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Overwhelmed by COVID-19, Greece Will Use Private Clinics Too

November 16, 2020

ATHENS – Greece's New Democracy government, reluctant to do so, has now said it will use private clinics to help deal with the threat of public hospitals being overwhelmed by critical COVID-19 cases.

Intensive Care Units (ICUs) and ventilators are running out fast after Prime Minister Kyriakos Mitsotakis initially said the health sector could deal with the second wave of the Coronavirus. 

The Health Ministry said the the private clinics wouldn't take COVID-19 cases but be used to relieve an overload on public hospitals to free up their capacity as the cases keep rising.

The first private clinics who will be required to take hospital cases, paid by the state, would be in Athens because of the pressure building on National Health System (ESY) facilities although ICU units had been doubled during the eight-month long pandemic.

The average number of COVID-19 cases admitted to hospitals was about 350 per day and jumped 200 percent in the 10 days leading up to Nov. 15, while the numbers of those needing ventilators is soaring with deaths and cases jumping.

Health officials said authorities will direct non-COVID-19 cases to private clinics, said Kathimerini, after an agreement was made with them by the government and that they are ready to accept patients almost immediately.

Deputy Health Minister Vassilis Kontozamanis did not rule out the possibility of recruiting private doctors, said the newspaper, although the clinics and private doctors are used mostly by people with money and means.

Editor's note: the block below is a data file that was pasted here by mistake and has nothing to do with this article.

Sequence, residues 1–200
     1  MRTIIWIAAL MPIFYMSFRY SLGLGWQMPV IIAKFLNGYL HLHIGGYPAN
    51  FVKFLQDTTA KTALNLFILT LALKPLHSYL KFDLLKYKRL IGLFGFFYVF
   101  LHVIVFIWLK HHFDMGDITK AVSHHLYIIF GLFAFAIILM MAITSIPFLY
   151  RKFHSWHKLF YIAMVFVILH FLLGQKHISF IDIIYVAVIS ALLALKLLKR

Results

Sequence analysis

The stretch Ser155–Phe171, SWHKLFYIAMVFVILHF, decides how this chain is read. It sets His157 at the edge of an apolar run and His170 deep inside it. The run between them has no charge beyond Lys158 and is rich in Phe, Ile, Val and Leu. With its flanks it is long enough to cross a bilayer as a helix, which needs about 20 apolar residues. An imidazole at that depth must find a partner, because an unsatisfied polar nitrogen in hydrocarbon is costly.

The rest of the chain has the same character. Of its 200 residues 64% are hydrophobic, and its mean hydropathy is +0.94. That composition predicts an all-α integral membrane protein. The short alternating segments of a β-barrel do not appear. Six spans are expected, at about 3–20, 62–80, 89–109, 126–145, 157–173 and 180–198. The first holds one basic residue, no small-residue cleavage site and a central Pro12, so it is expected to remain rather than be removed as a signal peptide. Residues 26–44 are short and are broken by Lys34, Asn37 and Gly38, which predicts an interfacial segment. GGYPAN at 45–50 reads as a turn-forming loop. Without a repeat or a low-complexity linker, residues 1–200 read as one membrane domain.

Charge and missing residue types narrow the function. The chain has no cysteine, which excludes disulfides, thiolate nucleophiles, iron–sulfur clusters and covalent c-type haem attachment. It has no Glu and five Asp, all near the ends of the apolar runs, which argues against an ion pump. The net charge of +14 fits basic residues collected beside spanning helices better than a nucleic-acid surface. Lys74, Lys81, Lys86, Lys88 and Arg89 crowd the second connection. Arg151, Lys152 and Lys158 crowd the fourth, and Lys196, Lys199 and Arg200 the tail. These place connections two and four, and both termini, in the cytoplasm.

Deputy Minister for Civil Protection Nikos Hardalias said, “The best bet for everyone is the restriction of movement,” calling on people to stay home during a second lockdown and follow health measures when out for permissible missions.

Vana Papaevangelou, a Professor of Pediatric Infectious Diseases at Athens University and a member of the government's scientific advisory committee, told the paper that, “It seems that we are probably at the peak of this second wave.”

She added that because of the large dispersion, hospitalizations and intubated patients will remain at high levels. 

“Within the next seven to 10 days, a reduction in imports is expected and one to two weeks later a reduction in intubation is expected,” she said.

Of 161 COVID-19 ICUs serving Thessaloniki, only 11 were available at one point, raising the possibility of having to fly patients to Athens area hospitals although those were filling fast there too.

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